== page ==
After a year-long hiatus due to COVID-19 restrictions, it would take a lot more than freezing temperatures and strong winds to keep Canberra's keenest runners away.
Thousands took to pounding the pavement around some of Canberra's most recognisable sites on Sunday as part of The Canberra Times Marathon Festival.
A contingent of more than 8000 people lined up to take part in the event and aim for a winning time, whether it was the casual runner competing in the 5.4 kilometre or 10 kilometre course, right through to the more serious athletes taking on the half-marathon, marathon or ultra-marathon.
Melburnian Matt Whitaker took out the men's ultra-marathon event, clocking in at just under three hours to complete the grueling 50-kilometre event, which wound its way around the Parliamentary Triangle, Yarralumla and Lake Burley Griffin.
He said while the strong winds made for challenging conditions while on the course, he managed to push through to claim the win.
"I thought I was in a bit of trouble with about 15 kilometres to go, but I'm relieved more than anything else. I'm just happy about the result," Mr Whitaker said.
"There was a large four-kilometre stretch where you were running into the head wind, and I thought I was in trouble there, but then on the way back you had the tailwind on your side."
The marathon festival has been one of the largest events to take place in Canberra since the pandemic, with COVID restrictions in 2020 leading to the marathon's postponement.
However, the year-long wait for the marathon worked out well for Sydneysider Megan Hasick, who won the women's ultra-marathon category.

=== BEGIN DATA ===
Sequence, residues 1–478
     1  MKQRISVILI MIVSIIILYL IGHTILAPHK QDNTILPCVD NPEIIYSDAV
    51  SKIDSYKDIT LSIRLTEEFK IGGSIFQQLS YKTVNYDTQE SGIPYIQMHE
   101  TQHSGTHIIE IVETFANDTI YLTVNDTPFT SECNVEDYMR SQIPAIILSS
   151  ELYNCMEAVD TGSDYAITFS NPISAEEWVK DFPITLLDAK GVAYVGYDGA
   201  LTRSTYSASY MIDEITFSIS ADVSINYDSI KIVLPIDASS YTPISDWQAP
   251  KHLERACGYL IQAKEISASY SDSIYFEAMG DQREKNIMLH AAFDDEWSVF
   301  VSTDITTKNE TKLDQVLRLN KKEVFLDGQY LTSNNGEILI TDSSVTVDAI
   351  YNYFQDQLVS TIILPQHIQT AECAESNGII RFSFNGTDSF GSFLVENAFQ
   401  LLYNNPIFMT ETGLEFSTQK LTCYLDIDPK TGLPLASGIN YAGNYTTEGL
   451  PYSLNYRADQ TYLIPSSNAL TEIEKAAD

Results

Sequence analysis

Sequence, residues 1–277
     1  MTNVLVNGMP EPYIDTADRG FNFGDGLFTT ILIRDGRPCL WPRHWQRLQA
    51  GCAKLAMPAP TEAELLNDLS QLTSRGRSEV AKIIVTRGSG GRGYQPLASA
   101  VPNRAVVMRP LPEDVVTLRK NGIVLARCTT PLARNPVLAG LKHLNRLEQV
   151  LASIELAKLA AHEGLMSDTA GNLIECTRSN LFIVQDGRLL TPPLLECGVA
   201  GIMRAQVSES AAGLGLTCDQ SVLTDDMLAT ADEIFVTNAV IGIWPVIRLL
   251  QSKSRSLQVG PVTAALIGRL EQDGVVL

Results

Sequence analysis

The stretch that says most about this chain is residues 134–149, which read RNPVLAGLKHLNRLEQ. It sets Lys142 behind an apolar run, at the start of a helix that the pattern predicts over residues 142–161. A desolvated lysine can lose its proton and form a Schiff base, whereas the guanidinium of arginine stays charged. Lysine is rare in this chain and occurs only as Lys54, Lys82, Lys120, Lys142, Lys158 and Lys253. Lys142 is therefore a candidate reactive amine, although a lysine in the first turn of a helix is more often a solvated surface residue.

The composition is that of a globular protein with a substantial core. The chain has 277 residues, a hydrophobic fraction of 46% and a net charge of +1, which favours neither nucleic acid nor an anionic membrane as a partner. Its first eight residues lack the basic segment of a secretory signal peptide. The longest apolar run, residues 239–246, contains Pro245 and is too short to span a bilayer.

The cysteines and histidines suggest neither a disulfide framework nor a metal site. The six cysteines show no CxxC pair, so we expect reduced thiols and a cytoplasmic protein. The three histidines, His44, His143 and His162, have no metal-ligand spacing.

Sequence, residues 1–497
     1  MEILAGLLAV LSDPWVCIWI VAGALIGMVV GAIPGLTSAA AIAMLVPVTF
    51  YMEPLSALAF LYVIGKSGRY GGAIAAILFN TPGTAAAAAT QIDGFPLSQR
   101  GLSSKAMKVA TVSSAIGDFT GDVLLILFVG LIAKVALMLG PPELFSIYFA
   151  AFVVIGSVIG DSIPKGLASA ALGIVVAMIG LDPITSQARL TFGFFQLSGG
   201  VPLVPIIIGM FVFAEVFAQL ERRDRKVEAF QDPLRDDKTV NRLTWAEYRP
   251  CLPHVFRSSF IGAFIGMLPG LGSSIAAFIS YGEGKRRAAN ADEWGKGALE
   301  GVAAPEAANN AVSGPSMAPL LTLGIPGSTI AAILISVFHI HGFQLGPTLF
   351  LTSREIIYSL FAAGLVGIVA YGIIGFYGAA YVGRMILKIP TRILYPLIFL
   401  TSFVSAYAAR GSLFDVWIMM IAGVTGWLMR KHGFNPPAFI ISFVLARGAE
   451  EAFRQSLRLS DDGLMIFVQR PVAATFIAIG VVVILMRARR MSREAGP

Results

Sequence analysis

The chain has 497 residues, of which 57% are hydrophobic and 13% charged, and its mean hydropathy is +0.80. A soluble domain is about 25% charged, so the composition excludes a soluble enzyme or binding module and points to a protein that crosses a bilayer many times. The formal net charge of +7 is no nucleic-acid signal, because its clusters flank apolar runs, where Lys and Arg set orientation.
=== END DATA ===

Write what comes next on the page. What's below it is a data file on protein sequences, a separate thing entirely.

The Canberra event was Ms Hasick's first ultra-marathon, having completed her first marathon just two years ago.
"The delay had been good, because I'm feeling the strongest that I've been and I kept up doing lots of long runs," Ms Hasick said.
"I was a bit worried at first because of the cold weather, but as soon as I got into it, I could not have asked for better conditions."
Gold Coast runner Riine Ringi was the winner of the women's marathon, coming in with a time of two hours, 42 minutes, 26 seconds.
What made the win even more remarkable was the fact she was missing parts of her toenails that were lost during an ultra-marathon event late last year.
"I only have half a toenail left, and I'm a bit afraid to take my socks off to see the damage," she said.
"This was the first marathon that I've won, and I've always wanted to break the tape and that was such a good feeling."
It was also a first-time win for Myles Gough, who was the victor in the men's marathon.
After years of running just for recreation, the Wollongong resident has been competing in marathons more seriously for the past two years.
"It was pretty windy and pretty cold in parts and I was very much on my own from gun to tape," he said.
"I came in confident and had a time goal, and although I didn't make that goal, I was very happy to come away with the win."
The marathon event saw more than $50,000 raised for charity.
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